Their earlier project, which they launched in 2007, Justin.tv, was more of a general-interest streaming platform, where the users mostly documented their everyday lives. Twitch was a spin-off of Justin.tv, focused primarily on gaming.
Such service was a natural progression from Let’s Plays and other non-live video game content, which was very popular on YouTube. It fulfilled a similar role, as it allowed the viewers to see the game without having to buy it or play it themselves. Therefore, it was the perfect kind of entertainment for video game enthusiasts lacking free time or money.
There was, however, an added bonus to live streaming, which Let’s Plays didn’t have. Live streams make it possible to react in real-time to streamer’s decisions, give them advice, interact with them and influence their gameplay, which leads to increased audience engagement and immersion.
Twitch was launched in June 2011. It didn’t take long for the platform to take the world by storm. In just a few short years, the number of its concurrent viewers rose sharply – in September 2012 it averaged about 77 thousand, a year later more than 200 thousand, and in 2014 nearly 400 thousand.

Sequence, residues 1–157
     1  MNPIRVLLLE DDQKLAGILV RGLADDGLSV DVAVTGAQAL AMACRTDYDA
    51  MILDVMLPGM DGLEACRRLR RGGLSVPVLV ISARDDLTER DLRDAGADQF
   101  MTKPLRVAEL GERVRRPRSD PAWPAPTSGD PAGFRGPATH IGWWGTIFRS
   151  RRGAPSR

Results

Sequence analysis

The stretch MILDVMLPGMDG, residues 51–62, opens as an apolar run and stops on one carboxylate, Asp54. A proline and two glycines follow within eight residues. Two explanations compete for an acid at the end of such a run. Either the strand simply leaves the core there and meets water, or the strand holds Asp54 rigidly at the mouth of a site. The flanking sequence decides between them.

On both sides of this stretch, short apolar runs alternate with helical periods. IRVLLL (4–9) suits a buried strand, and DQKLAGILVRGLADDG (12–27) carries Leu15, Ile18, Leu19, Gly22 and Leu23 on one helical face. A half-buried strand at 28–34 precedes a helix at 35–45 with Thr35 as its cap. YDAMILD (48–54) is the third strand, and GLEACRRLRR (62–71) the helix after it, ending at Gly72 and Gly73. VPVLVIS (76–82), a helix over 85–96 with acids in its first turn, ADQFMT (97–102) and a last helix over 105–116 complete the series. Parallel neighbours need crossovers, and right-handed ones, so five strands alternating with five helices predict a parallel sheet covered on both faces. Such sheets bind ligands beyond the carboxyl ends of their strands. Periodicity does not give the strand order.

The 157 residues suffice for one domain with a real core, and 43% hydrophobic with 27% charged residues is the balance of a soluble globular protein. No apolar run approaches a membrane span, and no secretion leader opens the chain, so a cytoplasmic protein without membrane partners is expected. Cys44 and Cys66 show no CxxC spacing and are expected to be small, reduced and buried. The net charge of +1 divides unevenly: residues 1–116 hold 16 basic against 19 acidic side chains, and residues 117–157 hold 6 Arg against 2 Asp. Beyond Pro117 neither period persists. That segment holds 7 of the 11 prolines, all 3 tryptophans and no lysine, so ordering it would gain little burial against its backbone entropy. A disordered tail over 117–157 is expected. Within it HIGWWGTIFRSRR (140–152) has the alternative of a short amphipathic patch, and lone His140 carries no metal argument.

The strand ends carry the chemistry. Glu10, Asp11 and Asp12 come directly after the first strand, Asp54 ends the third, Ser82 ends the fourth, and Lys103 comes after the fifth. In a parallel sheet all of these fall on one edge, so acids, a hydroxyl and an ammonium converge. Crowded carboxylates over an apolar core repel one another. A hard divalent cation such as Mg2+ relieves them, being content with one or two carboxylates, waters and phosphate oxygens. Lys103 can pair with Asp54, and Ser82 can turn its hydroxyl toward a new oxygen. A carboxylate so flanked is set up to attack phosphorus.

The most popular games on Twitch in that period included Counter Strike: Global Offensive, League of Legends, World of Warcraft and Minecraft. It’s worth noting that they still are some of the most frequently streamed games on the platform even now, all those years later.
Streaming was not only a way to unwind or a hobby, but for many people, it became a side or even main source of income. Not long after the launch, Twitch introduced its Partner Program, which allowed the streamers to earn money through advertisements shown during their streams. In the years since, the platform also added its own currency (the so-called Bits), as well as an Affiliate Program.
Twitch’s success drew interest from other tech giants, especially since it didn’t have any strong competitors. Therefore, a new rival could potentially take away a big slice of its market share.
YouTube launched its answer to Twitch, YouTube Gaming, in 2015. Three years later, it was integrated with the main YouTube service for easier access. Meanwhile, Twitch only continued to grow. As of October 2020, YouTube Gaming had 5.5% market share in the video game streaming industry to Twitch’s 91.1%.